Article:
John Ascuaga, the son of Basque sheepherders who became a northern Nevada gambling icon after he bought a small coffee shop with a few slot machines in 1960 and turned it into a major hotelcasino he operated for more than a half century, died on June 28 at age 96. Ascuaga and his twin sister Rosa “Rosie” were born on Jan. 7, 1925 to Jose Ascuaga and Marina Equiluz in Caldwell, Idaho. Raised in the small community of Notus, Idaho, John was a self-made man who built an entertainment empire in Reno as well as a large ranching enterprise. His father Jose emigrated from Spain in 1914 and Jose’s wife Marina joined him two years later, and they raised John and his three siblings on a farm in Idaho. John started in the hotel industry as a bellman in McCall, Idaho, while attending college. He followed family friend Dick Graves to Nevada. Dick opened the Nugget in 1955, and three years of growth later, moved it across the street to its current location. By 1960 Dick was ready to retire and sold the business for $3,775,000 to John, who at the time was only 34 years old. He put nothing down on the loan and still managed to pay it off in seven years.

He didn’t let the expansion of Interstate 80 get in the way of growth plans for his Nugget Casino in downtown Sparks during the 1970s.

He just built the casino under the major thoroughfare that connects Northern Nevada with Northern California. Pillars that support the freeway were incorporated into the Nugget’s casino area.

Though he was known as a pillar of Nevada’s gaming industry, those in the ranching industry who knew him personally say you would be hard pressed to find someone as authentic and humble as John Ascuaga. A Herefordenthusiast and proud rancher, it was always John’s pleasure to welcome livestock events to the Nugget. For many recent years, California’s cattlemen and women paid the Nugget a visit during their annual CCA and CCW Convention. Western Video Market sales have also been held in the resort hotel’s ballrooms and possibly most notable for the cattle industry were the Hereford cattle that graced the main stage of the nugget as Leroy Van Dyke’s “The Auctioneer” boomed from the speakers, with Van Dyke himself once making an appearance. The Nugget Hereford Sale began in 1967 in the parking lot of the hotel before moving indoors to the big stage. Only recently did the event change venues.

It was in the Nugget Steakhouse where Ascuaga met his future wife Rose Ardans. The two went on to build John Ascuaga’s Nugget into a major resort destination in the Reno area. Rose passed away in 2020.

John owned the Nugget Casino in Sparks for more than five decades before selling it to Sheltie OPCO in December 2013.

Ascuaga was known for roaming the floor and greeting patrons personally at the casino he named John Ascuaga’s Nugget along Interstate 80 in Sparks, just east of Reno.

John and Rose lived at their Jacks Valley Ranch, 50 miles south of Reno near Carson City, Nev. The ranch is one of three originally owned by the Ascuagas. At one time they had 1,700 head of Hereford-based commercial cows and a small flock of sheep. Today the ranch includes 300 head of Hereford cattle.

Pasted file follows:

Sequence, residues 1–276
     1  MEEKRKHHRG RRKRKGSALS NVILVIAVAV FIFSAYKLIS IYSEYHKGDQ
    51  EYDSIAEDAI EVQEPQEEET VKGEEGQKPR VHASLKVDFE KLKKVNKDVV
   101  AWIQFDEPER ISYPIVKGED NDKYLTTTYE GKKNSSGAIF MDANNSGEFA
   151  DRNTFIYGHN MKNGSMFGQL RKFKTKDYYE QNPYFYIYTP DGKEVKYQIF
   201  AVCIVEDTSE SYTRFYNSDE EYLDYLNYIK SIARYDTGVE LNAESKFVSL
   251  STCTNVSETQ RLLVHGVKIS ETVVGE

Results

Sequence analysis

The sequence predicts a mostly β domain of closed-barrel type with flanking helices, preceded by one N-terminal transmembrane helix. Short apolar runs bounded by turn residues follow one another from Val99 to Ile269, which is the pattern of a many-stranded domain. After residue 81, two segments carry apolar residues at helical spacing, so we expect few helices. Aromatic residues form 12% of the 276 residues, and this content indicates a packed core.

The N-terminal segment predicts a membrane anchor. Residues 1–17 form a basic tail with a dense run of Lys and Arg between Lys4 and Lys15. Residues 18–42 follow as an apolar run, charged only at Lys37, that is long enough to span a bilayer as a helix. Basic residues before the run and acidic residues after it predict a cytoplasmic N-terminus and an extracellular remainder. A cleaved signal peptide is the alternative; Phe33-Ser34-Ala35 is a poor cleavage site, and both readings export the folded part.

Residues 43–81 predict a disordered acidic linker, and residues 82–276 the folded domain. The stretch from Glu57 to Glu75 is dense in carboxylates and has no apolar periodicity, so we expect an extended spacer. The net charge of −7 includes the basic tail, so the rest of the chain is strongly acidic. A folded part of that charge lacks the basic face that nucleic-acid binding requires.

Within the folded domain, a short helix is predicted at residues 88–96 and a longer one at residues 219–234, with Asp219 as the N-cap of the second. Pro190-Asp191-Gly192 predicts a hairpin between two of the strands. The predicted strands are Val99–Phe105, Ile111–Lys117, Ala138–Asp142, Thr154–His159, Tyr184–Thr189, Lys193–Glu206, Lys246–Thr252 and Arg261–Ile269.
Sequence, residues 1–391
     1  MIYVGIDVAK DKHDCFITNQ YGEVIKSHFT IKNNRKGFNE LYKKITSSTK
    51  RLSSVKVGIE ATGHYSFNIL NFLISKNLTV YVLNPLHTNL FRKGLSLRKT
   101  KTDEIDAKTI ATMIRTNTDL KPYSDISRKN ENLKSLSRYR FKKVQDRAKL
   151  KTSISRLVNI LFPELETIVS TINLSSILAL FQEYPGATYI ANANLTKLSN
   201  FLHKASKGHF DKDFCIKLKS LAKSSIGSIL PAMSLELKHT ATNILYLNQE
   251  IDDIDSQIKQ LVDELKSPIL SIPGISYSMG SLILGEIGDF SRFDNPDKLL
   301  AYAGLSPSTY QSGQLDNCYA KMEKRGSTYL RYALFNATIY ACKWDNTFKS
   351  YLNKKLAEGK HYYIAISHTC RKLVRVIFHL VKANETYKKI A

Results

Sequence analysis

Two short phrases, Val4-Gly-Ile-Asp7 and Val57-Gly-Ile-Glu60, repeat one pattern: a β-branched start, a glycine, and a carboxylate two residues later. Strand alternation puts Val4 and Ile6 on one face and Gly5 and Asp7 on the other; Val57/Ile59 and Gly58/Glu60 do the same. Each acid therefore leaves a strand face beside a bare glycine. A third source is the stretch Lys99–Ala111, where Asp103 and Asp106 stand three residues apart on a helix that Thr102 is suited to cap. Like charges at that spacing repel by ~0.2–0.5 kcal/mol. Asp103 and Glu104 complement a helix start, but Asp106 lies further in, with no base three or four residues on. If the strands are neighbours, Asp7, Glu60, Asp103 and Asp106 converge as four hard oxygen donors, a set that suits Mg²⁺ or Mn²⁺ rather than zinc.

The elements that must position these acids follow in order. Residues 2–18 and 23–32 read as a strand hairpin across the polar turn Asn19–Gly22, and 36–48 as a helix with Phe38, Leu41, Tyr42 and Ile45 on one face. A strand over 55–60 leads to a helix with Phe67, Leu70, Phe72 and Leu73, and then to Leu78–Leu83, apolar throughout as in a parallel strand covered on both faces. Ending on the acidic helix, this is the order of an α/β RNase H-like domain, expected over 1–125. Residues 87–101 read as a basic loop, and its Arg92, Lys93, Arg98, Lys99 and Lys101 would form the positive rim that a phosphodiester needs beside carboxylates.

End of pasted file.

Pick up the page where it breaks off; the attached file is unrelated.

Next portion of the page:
Throughout his career, John was recognized by multiple cattle and livestock trade associations and breed organizations for his long time support of the beef and ranching industries.

In November 2013, CCA gave its highet honor, the Gordon Van Vleck award to John Ascuaga in recognition of his long-time support of California’s cattle producers.

“I have always believed in doing business with a handshake,” said the nearly 89-year-old Ascuaga, who recently sold the hotel and casino venue. “I am proud to associate with men and women like you who still do business with a handshake… as I slow down, I look forward to new adventures and going back to my roots. Ranching was my first love and has remained one of the greatest joys in my life,” Ascuaga said upon recieving the award.

John is preceded in death by his parents, siblings and his wife Rose. He is survived by children, Camille Bressler (Mark), John L. Ascuaga (Teri Hiratani), Michonne Ascuaga (Dr. Kevin Linkus), and Stephen Ascuaga (Priscilla), grandchildren Gabriel, Noah and Miriam Bressler; Sean Ascuaga and Kai Hiratani; Jonathan and Rosie Linkus; Malia and Marisol Ascuaga; and numerous nieces and nephews.

TERRY JOCHIM

Terry R. Jochim, age 73, of Amarillo, Texas, passed away on June 19, following a brief illness. He was born on September 24, 1947, in Sacramento, CA to the late Sebastian and Julia Jochim. Terry was an Air Force Veteran and retired after 38 years of Federal Service. He was an avid cattleman and greatly contributed to the cattle industry being President and Executive Director for the California Beef Cattle Improvement Association. It was a great honor for him to be the Deputy Grand Knight for the Knights of Columbus Council 4621, working tirelessly on projects with fellow Knights.

He enjoyed sharing his extensive knowledge and passion for wine with all. That joy for wine took him and Brenda to travel around Italy on two occasions. He did everything with conviction and dedication that surpassed most people, with humility and a generous loving heart.

He is survived by the love of his life, Brenda; son, Brian Jochim (Rose) of Bend, OR; daughter, Ginger Fontes (Mat) of Chicken, AK; three siblings, Dennis, Bobby and Mark; four grandchildren, Alyshia, Anthony, Mathew, and Lucian; and four great-grandchildren.

Services were held June 23 and June 24. Burial followed at Dreamland Cemetery with military honors in Canyon, Texas.